âYou know they celebrated the vendors, but that wasn’t all for them. It was also for the community,â Pellegrino said.
Reconnecting the past
Pellegrino was curator of the Hoover Historical Center for 10 years before moving to another post in 2018. After a two-year absence, she returned in February to become director of the center.
âI want to relate the story to the events,â she said.
The Hoover Co. began manufacturing electric vacuum cleaners in 1908 after “Boss” Hoover purchased the patents from janitor and inventor James M. Spangler. Prior to that, Hoover was a tannery business.
The Hoover family retained control of the business until 1985 before Chicago Pacific acquired it. Maytag bought Chicago Pacific and Hoover for $ 1 billion in 1989.
In 1995, Maytag sold all of Hoover’s overseas operations. That left the North American operations. In 2004, Maytag moved all white collar jobs to Newton, Iowa. Whirlpool bought Maytag in 2006.
A year later, Techtronics Industries (TTI) purchased the Hoover unit from Whirlpool and eventually moved all of its operations out of Stark County, including North Canton.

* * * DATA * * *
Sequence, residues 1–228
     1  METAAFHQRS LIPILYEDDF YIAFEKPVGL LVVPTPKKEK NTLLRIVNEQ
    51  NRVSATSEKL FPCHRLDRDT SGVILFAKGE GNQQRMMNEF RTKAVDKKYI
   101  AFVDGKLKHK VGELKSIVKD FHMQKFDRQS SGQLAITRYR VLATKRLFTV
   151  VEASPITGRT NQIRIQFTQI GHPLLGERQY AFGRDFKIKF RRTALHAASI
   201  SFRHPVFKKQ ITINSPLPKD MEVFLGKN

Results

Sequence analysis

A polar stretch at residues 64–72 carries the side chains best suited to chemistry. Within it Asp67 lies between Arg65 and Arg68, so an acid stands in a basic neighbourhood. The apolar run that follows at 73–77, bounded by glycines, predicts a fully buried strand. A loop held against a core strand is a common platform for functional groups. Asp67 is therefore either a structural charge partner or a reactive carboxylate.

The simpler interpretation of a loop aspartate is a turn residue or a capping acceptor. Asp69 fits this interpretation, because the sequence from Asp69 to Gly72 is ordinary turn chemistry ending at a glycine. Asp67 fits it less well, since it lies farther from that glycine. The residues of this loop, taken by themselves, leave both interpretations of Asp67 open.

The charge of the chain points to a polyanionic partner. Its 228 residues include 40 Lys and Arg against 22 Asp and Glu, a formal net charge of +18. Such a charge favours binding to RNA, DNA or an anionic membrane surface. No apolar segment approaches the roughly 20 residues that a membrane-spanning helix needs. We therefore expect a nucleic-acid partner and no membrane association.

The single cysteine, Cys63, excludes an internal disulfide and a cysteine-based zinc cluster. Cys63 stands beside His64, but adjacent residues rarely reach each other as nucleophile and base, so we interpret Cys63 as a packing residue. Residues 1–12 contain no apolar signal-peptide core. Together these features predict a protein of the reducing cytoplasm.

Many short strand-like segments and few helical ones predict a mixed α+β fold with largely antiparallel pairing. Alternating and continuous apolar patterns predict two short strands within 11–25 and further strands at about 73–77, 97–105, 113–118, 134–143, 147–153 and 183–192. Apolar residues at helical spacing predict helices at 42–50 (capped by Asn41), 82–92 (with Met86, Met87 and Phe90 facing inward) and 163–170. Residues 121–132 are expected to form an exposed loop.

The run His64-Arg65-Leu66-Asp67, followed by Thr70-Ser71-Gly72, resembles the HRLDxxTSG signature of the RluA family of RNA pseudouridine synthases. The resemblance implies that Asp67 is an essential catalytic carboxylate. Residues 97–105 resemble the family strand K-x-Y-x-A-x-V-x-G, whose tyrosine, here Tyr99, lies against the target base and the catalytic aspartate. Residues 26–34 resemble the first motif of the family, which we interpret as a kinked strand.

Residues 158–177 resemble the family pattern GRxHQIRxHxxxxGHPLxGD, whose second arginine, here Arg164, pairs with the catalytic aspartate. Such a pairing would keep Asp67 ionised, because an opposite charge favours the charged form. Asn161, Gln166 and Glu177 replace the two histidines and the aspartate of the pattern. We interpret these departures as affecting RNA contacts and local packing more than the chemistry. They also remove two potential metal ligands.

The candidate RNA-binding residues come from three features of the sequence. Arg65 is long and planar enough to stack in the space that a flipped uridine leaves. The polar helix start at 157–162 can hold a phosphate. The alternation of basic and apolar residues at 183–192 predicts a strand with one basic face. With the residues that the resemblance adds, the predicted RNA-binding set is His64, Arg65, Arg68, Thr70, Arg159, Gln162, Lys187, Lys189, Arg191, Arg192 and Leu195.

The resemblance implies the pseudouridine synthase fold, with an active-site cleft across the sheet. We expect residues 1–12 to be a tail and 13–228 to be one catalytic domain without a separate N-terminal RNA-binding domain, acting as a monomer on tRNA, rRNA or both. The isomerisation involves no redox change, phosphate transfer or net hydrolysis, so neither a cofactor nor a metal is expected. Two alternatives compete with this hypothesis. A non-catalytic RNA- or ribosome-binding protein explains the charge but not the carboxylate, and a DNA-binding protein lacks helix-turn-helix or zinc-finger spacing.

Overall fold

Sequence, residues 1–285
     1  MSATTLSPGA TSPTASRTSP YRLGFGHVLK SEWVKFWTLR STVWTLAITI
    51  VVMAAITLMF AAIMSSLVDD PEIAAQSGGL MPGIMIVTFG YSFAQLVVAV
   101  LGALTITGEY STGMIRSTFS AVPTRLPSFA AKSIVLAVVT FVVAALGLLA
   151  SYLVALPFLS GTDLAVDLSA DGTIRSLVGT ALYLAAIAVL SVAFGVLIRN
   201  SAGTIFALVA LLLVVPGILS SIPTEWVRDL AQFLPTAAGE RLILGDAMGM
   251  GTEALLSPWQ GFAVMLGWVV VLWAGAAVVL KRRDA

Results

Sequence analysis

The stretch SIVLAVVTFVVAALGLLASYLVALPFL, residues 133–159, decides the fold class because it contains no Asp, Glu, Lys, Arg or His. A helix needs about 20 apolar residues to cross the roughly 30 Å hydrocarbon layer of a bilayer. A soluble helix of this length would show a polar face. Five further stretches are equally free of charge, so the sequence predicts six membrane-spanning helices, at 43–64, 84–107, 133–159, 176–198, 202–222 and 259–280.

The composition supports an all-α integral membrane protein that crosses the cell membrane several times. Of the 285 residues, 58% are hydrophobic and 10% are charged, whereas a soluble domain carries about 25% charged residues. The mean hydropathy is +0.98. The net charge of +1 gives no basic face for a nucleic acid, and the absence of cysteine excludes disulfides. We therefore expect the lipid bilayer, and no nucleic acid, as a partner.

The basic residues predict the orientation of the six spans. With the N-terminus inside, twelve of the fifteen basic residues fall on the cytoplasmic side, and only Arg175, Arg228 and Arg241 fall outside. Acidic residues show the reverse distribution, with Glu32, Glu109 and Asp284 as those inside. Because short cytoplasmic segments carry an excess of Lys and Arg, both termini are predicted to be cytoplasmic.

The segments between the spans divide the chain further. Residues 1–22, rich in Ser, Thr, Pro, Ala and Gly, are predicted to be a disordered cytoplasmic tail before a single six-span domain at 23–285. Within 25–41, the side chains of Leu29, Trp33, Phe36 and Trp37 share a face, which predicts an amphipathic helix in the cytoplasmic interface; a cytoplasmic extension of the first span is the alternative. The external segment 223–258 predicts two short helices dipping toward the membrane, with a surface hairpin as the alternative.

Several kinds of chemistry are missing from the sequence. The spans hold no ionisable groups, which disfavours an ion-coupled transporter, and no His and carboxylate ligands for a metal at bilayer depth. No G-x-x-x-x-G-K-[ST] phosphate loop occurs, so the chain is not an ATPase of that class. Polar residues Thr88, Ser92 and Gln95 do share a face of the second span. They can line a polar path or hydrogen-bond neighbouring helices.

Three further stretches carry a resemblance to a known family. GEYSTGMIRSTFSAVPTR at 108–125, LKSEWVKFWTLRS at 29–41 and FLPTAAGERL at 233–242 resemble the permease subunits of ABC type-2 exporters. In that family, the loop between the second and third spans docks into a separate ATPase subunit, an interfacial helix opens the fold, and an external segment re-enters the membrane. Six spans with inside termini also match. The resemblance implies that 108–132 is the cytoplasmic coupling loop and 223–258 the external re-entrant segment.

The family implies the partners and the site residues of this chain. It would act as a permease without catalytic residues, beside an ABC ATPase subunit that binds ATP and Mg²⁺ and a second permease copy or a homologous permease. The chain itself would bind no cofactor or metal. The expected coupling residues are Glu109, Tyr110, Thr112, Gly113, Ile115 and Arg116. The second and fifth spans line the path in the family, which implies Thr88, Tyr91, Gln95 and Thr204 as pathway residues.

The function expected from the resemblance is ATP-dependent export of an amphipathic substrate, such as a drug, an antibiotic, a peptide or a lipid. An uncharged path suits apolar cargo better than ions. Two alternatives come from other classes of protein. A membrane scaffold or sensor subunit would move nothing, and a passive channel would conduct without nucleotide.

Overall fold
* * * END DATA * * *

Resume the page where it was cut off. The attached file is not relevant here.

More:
Pellegrino said TTI Floor Care North America, a division of TTI, manages the Hoover brand and sponsors anniversary events. She said the North Carolina division wants to reconnect the brand to its roots and plans to be at the festival.
âIf you think about it, there aren’t many brands that would ever have this kind of historic opportunity,â said Jessica Rapp, vice president and general manager of TTI Floor Care, in a prepared statement.
Rapp added, “But we’re not just celebrating a milestone in time. We’re celebrating the people and community who have kept Hoover’s rich history alive for over 100 years. We are proud to be a part of this century – ancient heritage. “
The old Hoover factory still stands on the corner of Main Street and Maple Street in downtown North Canton. The fireplace remains an emblematic monument. Pellegrino said the company may be gone, but its place in local history has never wavered.
âYou know you can go to any part of the world and show the Hoover logo and people know that means vacuum cleaners,â Pellegrino said. “We should always be proud of it because it started here.”
Contact Benjamin Duer at 330-580-8567 or [email protected]
Follow on Twitter @bduerREP
Hoover Historic Center Vendor Birthday
- Hoover Park Camp (July 16): Families bring their own tents and spend the night enjoying the property. The cost is $ 30 per tent and a family movie will be shown in the banquet hall. Camp begins at 6 p.m. on Friday and ends at 9 a.m. on Saturday. Bring your own food. Space is limited. The deadline to purchase tickets online for this event is Tuesday.
- Hoover Park Festival (July 17): A free event open to the public from noon to 4 p.m. The festival will include tours of the Hoover Historic Center Museum and Gardens, history talks, a plant sale, storytelling, garden talks and food trucks.
- More details: www.walsh.edu/hoover-historical-center.html.